'Aviator' Flies Toward Win | Sundance | Casey Affleck | Swag for Charity

Oscars: 'Aviator' Flies Toward Win

The nominees for the 77th Academy Awards contain few surprises, and one certainty: Martin Scorsese's "The Aviator" and Clint Eastwood's "Million Dollar Baby" are headed for a showdown.

The good money is on "The Aviator," but anything could happen as we head to the finish line.

Of course, the big winner already is Warner Bros. It's the distributor of "Million Dollar Baby'" and has an interest in "The Aviator" simply because it had the project on its development list before Miramax and Graham King's IEG came along to make it. For Warners, it's a win-win situation.

Most of the actors and actresses who were nominated closely follow the nominees put up by the Screen Actors Guild for its own awards a couple of weeks ago. But left out entirely in the Best Actor category was "Sideways" star Paul Giamatti, whose fine performance elevated that little indie movie to greater importance.

The actors' category, however, was a hotly contested one, with Leonardo DiCaprio, Johnny Depp, Don Cheadle, Eastwood and Jamie Foxx making up the final five.

Eastwood got the slot that would have gone to Giamatti, but sentiment for the Hollywood icon, and the fact that he directed "Million Dollar Baby," gave him the edge. (He was also really, really good.) Foxx is the odds-on favorite to win.

Also shut out completely was former Oscar winner Pedro Almodóvar. His "Bad Education" was not nominated for Best Foreign Film, and Almodóvar was also rejected for screenplay and directing nominations.

A nice surprise, though, was a writing nomination for the otherwise overlooked "The Motorcycle Diaries," which — though it's in Spanish — didn't qualify for Best Picture because, as an international effort, it wasn't put forward by any one country.

Nominees of note: Mike Leigh's "Vera Drake" for original screenplay. The movie was completely improvised and didn't have a screenplay. Go figure on that one.

A couple of minor nominations for Mel Gibson's "The Passion of the Christ." I predicted in this space several times that Academy favorite Caleb Deschanel would be nominated for cinematography, and he was. The strange nomination for that movie was for Best Makeup. ("Hey — more blood!")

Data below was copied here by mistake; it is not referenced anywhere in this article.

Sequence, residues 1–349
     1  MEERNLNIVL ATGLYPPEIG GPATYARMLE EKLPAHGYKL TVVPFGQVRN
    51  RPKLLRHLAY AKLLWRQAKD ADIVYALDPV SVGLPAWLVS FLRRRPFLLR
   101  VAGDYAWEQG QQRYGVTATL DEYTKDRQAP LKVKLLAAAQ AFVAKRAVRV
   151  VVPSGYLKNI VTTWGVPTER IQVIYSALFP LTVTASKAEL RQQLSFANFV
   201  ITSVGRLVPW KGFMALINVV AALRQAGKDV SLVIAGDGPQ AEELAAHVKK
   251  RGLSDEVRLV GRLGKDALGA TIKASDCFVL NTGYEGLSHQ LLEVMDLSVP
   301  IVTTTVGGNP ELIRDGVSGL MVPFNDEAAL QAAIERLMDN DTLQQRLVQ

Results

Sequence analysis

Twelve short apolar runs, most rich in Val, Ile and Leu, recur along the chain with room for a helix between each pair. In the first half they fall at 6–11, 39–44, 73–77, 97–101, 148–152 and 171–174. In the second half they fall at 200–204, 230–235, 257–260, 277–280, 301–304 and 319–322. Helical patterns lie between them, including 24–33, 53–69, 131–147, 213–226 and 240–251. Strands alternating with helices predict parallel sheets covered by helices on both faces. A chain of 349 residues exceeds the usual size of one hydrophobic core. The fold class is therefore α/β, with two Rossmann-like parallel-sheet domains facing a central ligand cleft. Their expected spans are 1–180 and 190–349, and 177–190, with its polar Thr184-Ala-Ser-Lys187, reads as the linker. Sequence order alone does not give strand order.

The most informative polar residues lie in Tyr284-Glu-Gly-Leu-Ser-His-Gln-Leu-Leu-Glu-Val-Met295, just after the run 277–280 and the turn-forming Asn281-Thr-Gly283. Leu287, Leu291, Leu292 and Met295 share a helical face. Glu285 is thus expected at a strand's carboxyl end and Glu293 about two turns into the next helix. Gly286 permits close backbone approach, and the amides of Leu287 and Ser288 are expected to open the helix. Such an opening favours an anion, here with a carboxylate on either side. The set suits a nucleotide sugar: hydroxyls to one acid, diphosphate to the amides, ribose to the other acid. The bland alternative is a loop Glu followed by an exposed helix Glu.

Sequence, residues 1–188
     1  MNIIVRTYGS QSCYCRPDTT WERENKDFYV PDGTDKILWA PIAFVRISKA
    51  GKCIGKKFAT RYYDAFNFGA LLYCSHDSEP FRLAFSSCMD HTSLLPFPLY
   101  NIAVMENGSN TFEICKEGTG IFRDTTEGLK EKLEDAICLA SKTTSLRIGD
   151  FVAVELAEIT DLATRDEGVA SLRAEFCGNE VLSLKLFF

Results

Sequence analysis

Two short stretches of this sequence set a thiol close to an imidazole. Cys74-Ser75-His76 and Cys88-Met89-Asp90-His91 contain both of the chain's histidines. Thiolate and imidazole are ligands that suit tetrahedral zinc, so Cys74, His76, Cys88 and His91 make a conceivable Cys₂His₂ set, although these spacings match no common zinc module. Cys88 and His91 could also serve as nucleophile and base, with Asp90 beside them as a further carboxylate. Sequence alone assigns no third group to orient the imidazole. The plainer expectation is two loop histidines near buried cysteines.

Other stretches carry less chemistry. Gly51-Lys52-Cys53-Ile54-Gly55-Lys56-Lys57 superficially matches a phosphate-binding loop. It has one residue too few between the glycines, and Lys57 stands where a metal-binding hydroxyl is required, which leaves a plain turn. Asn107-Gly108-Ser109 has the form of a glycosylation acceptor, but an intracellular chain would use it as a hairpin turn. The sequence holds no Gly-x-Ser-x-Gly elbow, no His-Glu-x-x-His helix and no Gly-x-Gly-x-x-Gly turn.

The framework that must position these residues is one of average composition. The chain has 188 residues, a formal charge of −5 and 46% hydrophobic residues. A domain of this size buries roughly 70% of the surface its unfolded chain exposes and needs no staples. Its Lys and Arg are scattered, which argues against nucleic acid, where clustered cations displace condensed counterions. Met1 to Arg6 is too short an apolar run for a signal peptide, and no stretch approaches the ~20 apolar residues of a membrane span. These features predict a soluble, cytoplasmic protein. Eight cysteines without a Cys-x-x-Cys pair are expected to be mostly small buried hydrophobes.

Miramax, as usual, was the studio with the lion's share of nominees (20 total) with two Best Picture slots ("The Aviator," "Finding Neverland"), two Best Actors (Depp, DiCaprio), Supporting Actor and Actress (Cate Blanchett and Alan Alda for "The Aviator") and a Foreign-Language Film ("The Chorus," from France).

Ironically, about a minute after the Oscars are over, Miramax's co-chairmen Bob and Harvey Weinstein will be pushed out of the company they started by Disney's Michael Eisner because, as has been previously reported, he doesn't like them and doesn't seem to care whether or not they get a million Oscar nominations.

The Weinsteins — the surest bet in Hollywood — are expected to immediately start a new company with independent financing from a consortium of high-powered financiers.

Disney also picked up four nominations for their Pixar release, "The Incredibles." Eisner has also guaranteed that Pixar's association with his company will end soon.

Disney itself lucked out with one nomination in the controversial Best Score category for "The Village." That's because "The Aviator" and "Million Dollar Baby" didn't qualify in that category.

The Academy ruled that "The Aviator" had too many previously released pieces of music. The Eastwood-composed score for "Million Dollar Baby" didn't make it because someone at Warner Bros. apparently never filed the required paperwork.

Sundance: Thumbs Up, but Not Sold Yet

So: It is not a foregone conclusion that Focus Features will buy Mike Mills' wonderful debut film, "Thumbsucker."

So said Mills to me last night when I ran into him and his agent at the big IFC Films party on Main Street in Park City.

"We've had a lot of interest, but people are afraid they don't know how to market it," he said.

"Thumbsucker," adapted from Walter Kirn's novel, is about a teenage boy who is so screwed up he's still sucking his thumb. This embarrasses the heck out of his parents, who finally try putting him on Ritalin after a diagnosis of attention-deficit disorder.

Alas, since he doesn't have ADD, the Ritalin acts as speed, which leads to a series of events that will change this young man's life.